My friend, it’s almost terrifying how well Nietzsche can be applied to Lost. Tomorrow, in my recap of ”Catch-22,” I’ll show you how the show embodies Nietzsche’s concept of ”Eternal Recurrence.” And in the coming weeks, I’ll explain how the Dharma Initiative was most likely trying to cultivate and harness the Nietzschian notion of ”the Will to Power” to save the world from apathy, malaise, and the influence of corrupt ideologies — attributes that define Nietzsche’s concept of ”The Last Man.” Yes, I do think Dharma really was trying to create a race of Supermen — but the Nietzsche kind of Superman, not the comic book kind of Superman. (All this time, I’ve been looking for an X-Men explanation for Lost, when instead, I should have been searching for Y: The Last Man.)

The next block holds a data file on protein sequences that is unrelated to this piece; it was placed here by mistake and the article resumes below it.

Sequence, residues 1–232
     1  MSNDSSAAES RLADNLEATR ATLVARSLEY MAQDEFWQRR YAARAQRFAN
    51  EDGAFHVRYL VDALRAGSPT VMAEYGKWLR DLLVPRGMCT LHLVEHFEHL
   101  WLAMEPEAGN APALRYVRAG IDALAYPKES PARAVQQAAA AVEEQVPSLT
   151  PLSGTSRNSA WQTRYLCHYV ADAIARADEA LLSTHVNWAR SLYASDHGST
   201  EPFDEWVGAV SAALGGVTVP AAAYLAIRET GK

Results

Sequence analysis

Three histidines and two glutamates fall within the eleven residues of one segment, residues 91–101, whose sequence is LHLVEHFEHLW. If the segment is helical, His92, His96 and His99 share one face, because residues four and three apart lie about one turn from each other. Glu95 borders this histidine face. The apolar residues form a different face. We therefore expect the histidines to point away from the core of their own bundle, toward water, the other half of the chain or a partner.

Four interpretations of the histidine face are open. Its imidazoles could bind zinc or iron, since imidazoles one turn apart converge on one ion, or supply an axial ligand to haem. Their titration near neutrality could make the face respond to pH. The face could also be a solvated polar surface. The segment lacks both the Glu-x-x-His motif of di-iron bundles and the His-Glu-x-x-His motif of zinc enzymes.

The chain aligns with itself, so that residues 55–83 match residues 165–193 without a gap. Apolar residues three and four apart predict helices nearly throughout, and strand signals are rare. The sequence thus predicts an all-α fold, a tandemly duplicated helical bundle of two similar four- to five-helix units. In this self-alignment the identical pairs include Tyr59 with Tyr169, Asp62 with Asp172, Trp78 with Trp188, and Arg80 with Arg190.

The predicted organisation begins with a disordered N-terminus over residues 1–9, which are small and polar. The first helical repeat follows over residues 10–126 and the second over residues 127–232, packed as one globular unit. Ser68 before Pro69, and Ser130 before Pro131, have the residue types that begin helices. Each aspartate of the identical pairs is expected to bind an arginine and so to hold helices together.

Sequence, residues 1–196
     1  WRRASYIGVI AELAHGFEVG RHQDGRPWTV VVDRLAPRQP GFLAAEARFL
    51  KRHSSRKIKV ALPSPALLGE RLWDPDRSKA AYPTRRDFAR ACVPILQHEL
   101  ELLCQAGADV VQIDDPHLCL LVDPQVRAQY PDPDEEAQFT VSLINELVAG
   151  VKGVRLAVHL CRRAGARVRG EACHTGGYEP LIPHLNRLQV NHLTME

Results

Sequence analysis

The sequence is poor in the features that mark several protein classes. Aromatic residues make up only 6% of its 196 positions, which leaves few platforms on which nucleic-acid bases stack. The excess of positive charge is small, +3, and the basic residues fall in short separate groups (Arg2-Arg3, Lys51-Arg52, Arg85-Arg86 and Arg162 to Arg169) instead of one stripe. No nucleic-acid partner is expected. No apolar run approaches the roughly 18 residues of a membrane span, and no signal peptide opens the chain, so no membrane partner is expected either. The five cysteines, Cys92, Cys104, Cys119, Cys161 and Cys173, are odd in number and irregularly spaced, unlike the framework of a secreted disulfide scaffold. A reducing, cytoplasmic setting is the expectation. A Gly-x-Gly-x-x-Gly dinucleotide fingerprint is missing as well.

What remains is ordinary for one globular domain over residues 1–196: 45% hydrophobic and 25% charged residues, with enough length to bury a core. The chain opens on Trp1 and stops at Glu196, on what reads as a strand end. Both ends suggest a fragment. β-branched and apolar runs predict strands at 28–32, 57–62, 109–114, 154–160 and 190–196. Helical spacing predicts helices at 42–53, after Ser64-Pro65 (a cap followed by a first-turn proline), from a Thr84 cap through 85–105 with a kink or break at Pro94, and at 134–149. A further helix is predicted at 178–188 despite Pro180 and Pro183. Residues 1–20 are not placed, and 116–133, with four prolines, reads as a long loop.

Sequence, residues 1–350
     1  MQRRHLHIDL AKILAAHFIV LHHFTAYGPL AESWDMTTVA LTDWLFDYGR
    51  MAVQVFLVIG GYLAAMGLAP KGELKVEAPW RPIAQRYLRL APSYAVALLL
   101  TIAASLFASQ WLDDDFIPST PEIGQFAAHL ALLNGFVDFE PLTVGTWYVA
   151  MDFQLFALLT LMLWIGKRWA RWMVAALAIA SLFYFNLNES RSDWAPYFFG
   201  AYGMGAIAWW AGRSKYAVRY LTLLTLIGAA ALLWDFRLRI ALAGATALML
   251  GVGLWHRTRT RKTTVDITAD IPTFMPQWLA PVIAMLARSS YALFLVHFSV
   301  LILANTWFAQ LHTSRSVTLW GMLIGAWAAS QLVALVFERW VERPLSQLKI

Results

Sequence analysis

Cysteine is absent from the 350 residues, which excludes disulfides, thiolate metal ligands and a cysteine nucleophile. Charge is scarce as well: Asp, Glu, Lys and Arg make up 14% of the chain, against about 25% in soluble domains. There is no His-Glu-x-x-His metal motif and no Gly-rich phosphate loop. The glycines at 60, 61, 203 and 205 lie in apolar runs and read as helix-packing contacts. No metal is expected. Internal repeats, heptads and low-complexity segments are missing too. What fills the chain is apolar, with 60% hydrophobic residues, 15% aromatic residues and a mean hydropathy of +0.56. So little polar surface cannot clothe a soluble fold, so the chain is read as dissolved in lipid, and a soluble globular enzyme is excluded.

Lest you think I’m stretching, consider this. In 1887, Nietzsche published an unusual book of philosophy called The Gay Science. Now, The Gay Science (which has nothing to with being gay in the sexual identity sense of the word) is divided up into a series of very short maxims and mini-essays about various Big Ideas. Each of them is numbered. And when you take the Numbers from Lost and apply them to the numbers in The Gay Science, you get a whole host of extraordinary resonances.
Example: In Lost, 108 is the sum of the Numbers. To date, most Lost scholars have doted on the fact that the number is significant to a host of world religions and mystical traditions. But in The Gay Science, 108 is tied to one of the most infamous anti-religious passages in the history of philosophy:
”108: New struggles — After Buddha was dead, his shadow was still shown for centuries in a cave — a tremendous, gruesome shadow. God is dead; but given the way of men, there may still be caves for thousands of years in which his shadow will be shown. And we — we still have to vanquish his shadow, too.”